U.S. Out! The Asia Pacific Pivot and Trans-Pacific Partnership

By Christine Ahn
Mar 3, 2014

In a security conference held in Munich, Germany, Henry Kissinger said on a panel that “Asia is more in a position of 19th-century Europe, where military conflict is not ruled out,” given deteriorating tensions between China and Japan. Yet lurking behind its over 300 military bases and installments throughout the Asia Pacific is the U.S. military, which is poised to expand its presence even more with the Asia Pacific Pivot, the Obama foreign policy doctrine that will direct 60 percent of the U.S. military to the region by 2020.

This was the topic of the March 1st global teach-in on “U.S. Out! A Teach-in Call/Webinar on the U.S. Military Pivot to the Asia Pacific and the Trans Pacific Partnership.” Organized by the filipino organizational alliance Bayan and co-sponsored by several peace and justice organizations, the teach-in featured talks on the impact of these militaristic/neoliberal policies on South Korea, Philippines, Japan and Guam by movement leaders working to challenge and confront U.S. militarism and imperialism.

With the Asia Pacific Pivot (“pivot”) and Trans Pacific Partnership (TPP), Washington strives to achieve three goals: 1. Contain China’s rising economic influence; 2.) Control major trade routes; and 3.) Secure dominance by force. Talks over the TPP began in 2008 and now includes 12 countries throughout the region. We don’t know what is fully in this super trade agreement because the document remains secret with just a few leaked chapters through Wikileaks. One of the speakers claimed that the treaty would not be made public until four years after it is signed. What we do know is based on the experiences of past free trade agreements: the TPP will intensify de-regulation and the privatization of public resources and weaken the sovereignty of less developed countries.

The pivot is further emboldening right-wing reactionary leaders in Japan and South Korea, two key U.S. allies in the region where the greatest number of U.S. bases and troops are currently located. In Japan, Shinzo Abe is seeking to rewrite the anti-war/militarization Constitution, honoring former war criminals, and inciting conflict with China over islands in the East China Sea. In South Korea, Park Geun-hye, the daughter of the longest-reigning dictator, has instituted a climate of fear reminiscent of her father’s authoritarian rule.

Lots of great historical context and analysis shared, including these:

  • Since the announcement of the pivot, more frequent calls have been made by U.S. ships in the Philippines, despite the Filipino people’s victory in forcing the U.S. navy out years ago.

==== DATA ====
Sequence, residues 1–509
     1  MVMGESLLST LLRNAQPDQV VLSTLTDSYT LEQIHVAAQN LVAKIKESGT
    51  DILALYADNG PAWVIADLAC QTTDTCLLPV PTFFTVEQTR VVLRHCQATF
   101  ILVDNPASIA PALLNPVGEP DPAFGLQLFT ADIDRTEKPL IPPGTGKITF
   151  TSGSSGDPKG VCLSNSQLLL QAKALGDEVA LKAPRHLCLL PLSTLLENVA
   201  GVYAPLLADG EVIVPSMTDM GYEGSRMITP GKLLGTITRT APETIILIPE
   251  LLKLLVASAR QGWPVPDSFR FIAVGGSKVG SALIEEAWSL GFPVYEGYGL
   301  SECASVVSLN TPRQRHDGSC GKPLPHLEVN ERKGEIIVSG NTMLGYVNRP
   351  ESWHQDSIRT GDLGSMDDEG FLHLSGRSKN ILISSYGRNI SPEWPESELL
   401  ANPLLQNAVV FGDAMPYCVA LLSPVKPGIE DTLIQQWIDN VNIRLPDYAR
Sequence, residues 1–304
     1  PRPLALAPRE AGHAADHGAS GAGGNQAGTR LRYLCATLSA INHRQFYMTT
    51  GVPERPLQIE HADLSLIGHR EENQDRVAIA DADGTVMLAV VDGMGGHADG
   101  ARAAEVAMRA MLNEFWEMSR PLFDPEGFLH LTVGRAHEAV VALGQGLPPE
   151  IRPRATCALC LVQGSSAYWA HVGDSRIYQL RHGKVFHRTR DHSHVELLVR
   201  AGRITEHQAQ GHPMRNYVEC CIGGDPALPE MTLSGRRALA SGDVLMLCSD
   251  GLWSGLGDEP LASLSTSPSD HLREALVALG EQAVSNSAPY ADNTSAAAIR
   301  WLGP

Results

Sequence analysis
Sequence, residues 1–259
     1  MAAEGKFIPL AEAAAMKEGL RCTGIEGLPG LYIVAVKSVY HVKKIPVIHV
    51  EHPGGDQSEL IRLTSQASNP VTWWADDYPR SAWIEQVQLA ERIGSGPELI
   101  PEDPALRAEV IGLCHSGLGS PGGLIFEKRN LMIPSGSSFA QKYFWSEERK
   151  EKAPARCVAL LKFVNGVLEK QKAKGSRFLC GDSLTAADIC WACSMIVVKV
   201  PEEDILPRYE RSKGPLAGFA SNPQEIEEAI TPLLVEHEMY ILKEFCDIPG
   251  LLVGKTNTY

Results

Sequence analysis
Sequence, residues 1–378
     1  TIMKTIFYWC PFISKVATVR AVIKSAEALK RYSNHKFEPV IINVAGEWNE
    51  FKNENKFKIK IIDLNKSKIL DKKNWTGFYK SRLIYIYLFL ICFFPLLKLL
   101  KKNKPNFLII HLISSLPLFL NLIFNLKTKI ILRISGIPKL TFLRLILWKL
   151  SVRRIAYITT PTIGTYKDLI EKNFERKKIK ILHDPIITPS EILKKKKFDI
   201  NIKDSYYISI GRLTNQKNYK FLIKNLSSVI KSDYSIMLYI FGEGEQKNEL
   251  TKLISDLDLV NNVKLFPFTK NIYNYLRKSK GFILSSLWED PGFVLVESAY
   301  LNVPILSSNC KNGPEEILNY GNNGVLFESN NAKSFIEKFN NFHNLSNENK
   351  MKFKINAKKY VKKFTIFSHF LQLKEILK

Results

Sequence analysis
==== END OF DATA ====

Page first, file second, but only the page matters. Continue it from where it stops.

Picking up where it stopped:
• The mission of the U.S. Forces in Korea has shifted from primarily protecting the south from a North Korean invasion to one of “strategic flexibility” whereby it is now an expeditionary force that can freely intervene anywhere in the world using South Korea as a launching pad.
  • If China and Japan are embroiled in a military conflict, because of agreements signed, the United States is automatically involved. The U.S. has been conducting joint military exercises with Japan staging amphibian landings of islands in preparation for conflict over the Diaoyu/Senkaku islands. And the U.S. and South Korea have now agreed since the 2010 Yeonpyong Island skirmish between North and South Korea to pre-emptive strikes in the case of a potential nuclear weapon launch by North Korea.

This was a great effort by the organizers and co-sponsoring organizations to galvanize over 100 people across several countries. More is needed to understand specifically how these two policies interact and reinforce the other, but this was a terrific start.

For more information, you can read my January 14, 2014 analysis in Foreign Policy In Focus “Open Fire and Open Markets: The Asia-Pacific Pivot and Trans-Pacific Partnership.”

The views expressed here are those of the author and do not necessarily represent those of the entire War Times project

Christine Ahn is a writer and activist. She works at the Global Fund for Women by day and by moonlight on a range of peace and social justice issues. She's a co-founder of the Korea Policy Institute, a columnist with Foreign Policy In Focus at the Institute for Policy Studies, and a fellow with the Oakland Institute.

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